Can We Trust Science? (Part 2)
By Merle Hertzler
"Honey" left additional comments arguing for the validity of the Answers in Genesis (AiG) site at Can We Trust Science? and at Answers in Genesis?. I respond to her here. Her words are indented and highlighted.
No, no, I do not say that the claims of AiG are wrong because they have not been submitted to peer review. I say they are wrong because they "would never pass the scrutiny of science." Please read what I write.
Yes, the claims at AiG look impressive to the uninformed public, but when those who are familiar with the science examine them, the claims are repeatedly shown to be faulty. We looked at one example of the problem here. AiG promotes a page claiming to have found a major error in the dating of rocks, even though there is a fatal flaw in their reasoning. They fail to account for xenoliths in the rock, which are known to give false readings. Those that understand the science can read such essays, and point out the problem with ignoring the xenoliths. Those who do not understand the science read such essays, and think they are impressive. This is the problem with the AiG site. Many of their claims have been shown to be faulty by scientists, but they continue to post them on their site for the general public to read.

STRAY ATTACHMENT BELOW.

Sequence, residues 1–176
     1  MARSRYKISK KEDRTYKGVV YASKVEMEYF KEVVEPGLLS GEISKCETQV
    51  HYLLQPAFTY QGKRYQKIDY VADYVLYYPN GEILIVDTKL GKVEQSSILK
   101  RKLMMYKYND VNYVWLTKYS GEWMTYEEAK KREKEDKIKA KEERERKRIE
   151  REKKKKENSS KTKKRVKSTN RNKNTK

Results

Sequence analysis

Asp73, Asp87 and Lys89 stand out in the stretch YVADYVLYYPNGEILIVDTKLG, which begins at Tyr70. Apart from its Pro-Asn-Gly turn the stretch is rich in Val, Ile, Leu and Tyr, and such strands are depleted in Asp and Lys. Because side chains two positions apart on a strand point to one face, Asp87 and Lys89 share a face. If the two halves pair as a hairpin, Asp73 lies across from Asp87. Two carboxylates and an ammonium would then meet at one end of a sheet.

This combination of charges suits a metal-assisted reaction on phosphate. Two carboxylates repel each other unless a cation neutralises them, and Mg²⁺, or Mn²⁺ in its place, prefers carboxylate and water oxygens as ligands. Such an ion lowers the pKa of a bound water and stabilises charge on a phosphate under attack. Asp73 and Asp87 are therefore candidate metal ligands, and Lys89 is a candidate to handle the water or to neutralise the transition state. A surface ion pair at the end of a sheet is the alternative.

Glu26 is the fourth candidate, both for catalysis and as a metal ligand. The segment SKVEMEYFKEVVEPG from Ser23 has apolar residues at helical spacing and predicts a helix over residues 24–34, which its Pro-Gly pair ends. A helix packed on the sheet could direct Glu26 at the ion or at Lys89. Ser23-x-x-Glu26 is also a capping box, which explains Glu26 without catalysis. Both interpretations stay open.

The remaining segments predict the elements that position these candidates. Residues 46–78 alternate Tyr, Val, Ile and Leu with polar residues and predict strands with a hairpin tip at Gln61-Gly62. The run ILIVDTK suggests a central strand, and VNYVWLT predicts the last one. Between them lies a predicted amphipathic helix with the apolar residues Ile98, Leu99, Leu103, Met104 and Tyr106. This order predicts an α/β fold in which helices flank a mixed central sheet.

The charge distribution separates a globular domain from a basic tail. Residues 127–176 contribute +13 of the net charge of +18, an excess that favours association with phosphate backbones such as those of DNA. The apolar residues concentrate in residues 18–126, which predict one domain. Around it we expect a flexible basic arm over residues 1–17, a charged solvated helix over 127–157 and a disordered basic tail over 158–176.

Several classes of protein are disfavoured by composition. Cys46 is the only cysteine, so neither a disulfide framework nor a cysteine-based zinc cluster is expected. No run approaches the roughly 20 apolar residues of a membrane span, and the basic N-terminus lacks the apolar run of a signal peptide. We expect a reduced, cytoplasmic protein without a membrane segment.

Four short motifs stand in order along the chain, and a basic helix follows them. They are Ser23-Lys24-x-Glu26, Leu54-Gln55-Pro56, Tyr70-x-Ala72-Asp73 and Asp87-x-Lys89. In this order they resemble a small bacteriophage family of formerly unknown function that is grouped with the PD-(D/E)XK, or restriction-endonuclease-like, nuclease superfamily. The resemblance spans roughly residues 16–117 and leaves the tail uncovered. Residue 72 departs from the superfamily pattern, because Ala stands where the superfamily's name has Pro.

The absence of peer review does not make a claim false. The presence of fatal flaws in the research makes it false. And the best way we know to eliminate such fatal flaws is to submit claims to peer review before publishing. Would you like to suggest a better method that scientists could use to reject false claims?
I already answered this. Let me run through it again, in case repetition helps. Suppose you find old pictures of yourself in a drawer, and find pictures when you were in grades 1, 2, 4, 5, 7, & 9. Will you not be able to see a clear progression in yourself through those pictures? The fact that you do not have pictures of every grade, or every step between each grade, does not negate the clear progression. You can have a clear progression, even though there are gaps.
We see the same thing when we look at the fossils of the mammal-like reptiles. There is a clear progression from reptile ancestors to mammal. (See The Fossil Record).
Okay, the skeletal systems fossilize best, so this is where we get most of our information. There are other sources that show the progression of the soft tissues, but this is not always as clear as the fossil record of the skeletal system. Sure we do not have all of the evidence, and never will. But the evidence we do have clearly shows that AiG is wrong.
I have no idea what you are trying to accomplish with this illustration. It has no bearing on my illustration of gaps in a person's school photos in a drawer, and is not even close to the evidence as it stands in the fossil record.